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We are moving towards a system where people use a cell phone as their wallet, or a smart card with screen and some buttons.
A cell phone is used two handed, one hand holding it, one hand pressing the buttons. A dedicated wallet would be used one handed, held by one's palms and fingers, with a thumb click accepting or rejecting a transaction. The dedicated wallet would be able to talk to any other wallet, or to one's cell phone, or indeed any cell phone, if touched to it, or nearly touched to it.
The wallet communicates primarily by near field communications, the wireless equivalent of whispering in someone's ear. Nearfield is a communication method that guarantees that the entities communicating are very close together - with radio you want the greatest possible range, but nearfield is for those situations where for security reasons you want the least possible range. Nearfield is radio with the antenna twisted to pick up the quadrupole field and ignore the dipole field. Ideally, an near field communication chip should only be able to talk to something that is almost touching, and it should be impossible to eavesdrop from more than a foot or so away.
This device should function wallet, as car key, atm card, credit card, computer login device, and employee door opening device. It enables you to login to websites.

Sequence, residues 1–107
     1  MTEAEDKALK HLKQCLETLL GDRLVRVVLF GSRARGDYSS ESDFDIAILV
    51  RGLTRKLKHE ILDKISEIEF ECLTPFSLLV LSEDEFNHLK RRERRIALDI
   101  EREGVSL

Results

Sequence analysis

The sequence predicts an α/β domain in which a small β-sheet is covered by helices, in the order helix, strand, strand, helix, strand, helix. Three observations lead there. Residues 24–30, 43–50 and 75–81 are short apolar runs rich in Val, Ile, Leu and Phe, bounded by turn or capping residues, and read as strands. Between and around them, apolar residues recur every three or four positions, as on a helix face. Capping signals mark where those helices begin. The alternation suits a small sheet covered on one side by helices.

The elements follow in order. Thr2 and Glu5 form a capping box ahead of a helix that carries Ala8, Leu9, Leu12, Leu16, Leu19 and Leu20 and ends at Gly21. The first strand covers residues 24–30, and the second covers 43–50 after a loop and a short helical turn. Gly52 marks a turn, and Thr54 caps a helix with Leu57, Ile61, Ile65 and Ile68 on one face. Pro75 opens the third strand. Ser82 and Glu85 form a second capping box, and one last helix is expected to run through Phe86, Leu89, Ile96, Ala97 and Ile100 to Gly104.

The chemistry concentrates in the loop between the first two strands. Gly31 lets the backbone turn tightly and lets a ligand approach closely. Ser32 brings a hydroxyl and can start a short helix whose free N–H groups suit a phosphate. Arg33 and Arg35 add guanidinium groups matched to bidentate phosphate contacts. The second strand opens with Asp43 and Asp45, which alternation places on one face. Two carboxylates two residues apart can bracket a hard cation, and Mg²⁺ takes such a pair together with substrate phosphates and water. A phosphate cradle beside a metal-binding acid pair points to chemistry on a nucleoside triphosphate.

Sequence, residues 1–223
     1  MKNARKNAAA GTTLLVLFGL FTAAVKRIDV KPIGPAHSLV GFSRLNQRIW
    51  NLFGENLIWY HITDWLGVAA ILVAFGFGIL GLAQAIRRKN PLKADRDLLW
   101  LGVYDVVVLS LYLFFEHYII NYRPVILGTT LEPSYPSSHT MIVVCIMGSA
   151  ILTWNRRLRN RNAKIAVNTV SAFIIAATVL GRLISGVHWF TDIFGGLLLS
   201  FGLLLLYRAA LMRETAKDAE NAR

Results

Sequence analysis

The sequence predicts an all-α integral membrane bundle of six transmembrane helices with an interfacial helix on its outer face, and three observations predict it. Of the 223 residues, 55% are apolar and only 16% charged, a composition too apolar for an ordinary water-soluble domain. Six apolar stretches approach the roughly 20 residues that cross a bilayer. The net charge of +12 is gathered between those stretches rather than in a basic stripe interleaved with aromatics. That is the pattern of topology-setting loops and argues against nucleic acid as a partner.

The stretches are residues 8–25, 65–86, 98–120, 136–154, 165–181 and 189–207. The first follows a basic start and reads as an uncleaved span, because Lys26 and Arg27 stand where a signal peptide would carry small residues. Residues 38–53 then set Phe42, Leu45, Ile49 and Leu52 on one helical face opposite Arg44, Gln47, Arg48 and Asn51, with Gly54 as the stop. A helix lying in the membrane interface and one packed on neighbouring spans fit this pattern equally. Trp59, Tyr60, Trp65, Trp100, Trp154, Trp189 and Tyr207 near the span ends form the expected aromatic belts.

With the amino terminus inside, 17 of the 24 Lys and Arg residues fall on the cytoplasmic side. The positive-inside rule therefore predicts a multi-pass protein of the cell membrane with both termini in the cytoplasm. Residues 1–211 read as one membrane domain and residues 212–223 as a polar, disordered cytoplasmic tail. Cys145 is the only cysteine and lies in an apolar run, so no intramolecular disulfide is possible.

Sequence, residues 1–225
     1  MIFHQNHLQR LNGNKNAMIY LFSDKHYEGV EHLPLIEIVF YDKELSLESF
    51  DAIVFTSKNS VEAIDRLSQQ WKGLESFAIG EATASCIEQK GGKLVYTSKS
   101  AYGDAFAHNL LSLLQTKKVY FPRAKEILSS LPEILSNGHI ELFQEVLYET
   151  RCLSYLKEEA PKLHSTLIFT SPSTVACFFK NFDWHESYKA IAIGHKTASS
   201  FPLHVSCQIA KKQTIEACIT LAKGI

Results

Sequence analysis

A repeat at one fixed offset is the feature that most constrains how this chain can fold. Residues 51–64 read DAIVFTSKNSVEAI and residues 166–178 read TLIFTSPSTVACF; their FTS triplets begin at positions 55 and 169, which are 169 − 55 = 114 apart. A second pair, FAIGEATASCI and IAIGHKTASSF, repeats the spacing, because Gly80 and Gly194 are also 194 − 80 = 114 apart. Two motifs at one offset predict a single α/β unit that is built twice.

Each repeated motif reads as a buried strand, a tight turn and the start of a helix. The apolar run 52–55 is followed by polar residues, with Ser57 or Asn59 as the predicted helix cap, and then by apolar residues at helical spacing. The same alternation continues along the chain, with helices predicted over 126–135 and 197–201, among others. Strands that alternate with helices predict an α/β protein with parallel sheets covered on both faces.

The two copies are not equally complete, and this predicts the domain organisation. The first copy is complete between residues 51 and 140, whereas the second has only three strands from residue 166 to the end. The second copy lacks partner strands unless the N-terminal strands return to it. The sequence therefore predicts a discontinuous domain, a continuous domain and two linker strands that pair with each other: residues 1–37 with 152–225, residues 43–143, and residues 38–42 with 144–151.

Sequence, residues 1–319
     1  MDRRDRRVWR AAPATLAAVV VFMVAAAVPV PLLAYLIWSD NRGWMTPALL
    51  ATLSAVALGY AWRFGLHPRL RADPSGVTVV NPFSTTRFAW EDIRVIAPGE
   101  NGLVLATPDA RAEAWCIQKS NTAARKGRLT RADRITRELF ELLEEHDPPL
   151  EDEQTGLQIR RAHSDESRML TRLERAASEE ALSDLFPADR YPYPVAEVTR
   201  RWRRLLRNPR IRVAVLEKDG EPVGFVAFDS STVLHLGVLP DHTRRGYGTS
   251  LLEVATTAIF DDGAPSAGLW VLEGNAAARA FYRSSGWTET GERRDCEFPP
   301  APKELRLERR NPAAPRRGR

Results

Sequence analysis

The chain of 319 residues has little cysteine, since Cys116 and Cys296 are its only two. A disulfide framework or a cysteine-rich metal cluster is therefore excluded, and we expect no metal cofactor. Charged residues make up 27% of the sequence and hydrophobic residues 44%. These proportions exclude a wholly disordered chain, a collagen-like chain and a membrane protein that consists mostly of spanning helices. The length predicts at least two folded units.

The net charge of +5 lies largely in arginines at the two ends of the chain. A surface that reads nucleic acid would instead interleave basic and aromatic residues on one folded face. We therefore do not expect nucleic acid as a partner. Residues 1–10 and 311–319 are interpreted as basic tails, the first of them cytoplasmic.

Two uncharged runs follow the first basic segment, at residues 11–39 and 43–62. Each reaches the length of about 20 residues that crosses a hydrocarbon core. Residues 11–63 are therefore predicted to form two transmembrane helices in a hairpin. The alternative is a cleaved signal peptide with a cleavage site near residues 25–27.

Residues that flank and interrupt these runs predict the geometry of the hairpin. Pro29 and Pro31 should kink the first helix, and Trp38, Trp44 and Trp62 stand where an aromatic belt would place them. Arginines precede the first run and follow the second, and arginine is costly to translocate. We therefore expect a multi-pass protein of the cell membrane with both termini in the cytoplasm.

To buy groceries, you would touch the device to the cash register, the cash register would show it was asking for a certain sum of money, the device would show it was being asked for that sum and vibrate or beep, you would thumb acceptance, and money would be transferred to the cash register, and a receipt transferred to the wallet.
Money would be represented to the user as if it was a tangible object that could reside in the wallet, in the cell phone, or in an account. One's cell phone can transfer money between these places, with the transfer taking a short but finite time – money leaves one account before it arrives in another account.
The device would also handle non monetary receipts – you put your coat in storage, you get a receipt that enables you to collect it back again.
Of course if the wallet is thumb controlled, it is as easily stolen as a real wallet, or real keys. A cell phone functioning as a wallet can be made resistant to theft.
A *spoken* passphrase is both something I know, and something I am. Of course someone could unobtrusively record it - but he would need to record it *and* steal the phone. Easy to do one, easy to do the other, not quite so easy to do both.
Further, a spoken passphrase can comply with the principle of Not One Click for Security. You set up the user interface so that speaking the passphrase is used in place of clicking OK.
The way the that the user interface should work, is that the smartphone has speech recognition and NFC. To authorize payment, or login, or whatever, you bring the smartphone close to the NFC device, for example the cash register. When the NFC handshake is complete, the phone makes a beep and displays the proposed transaction, and then you speak the magic passphrase for that transaction.
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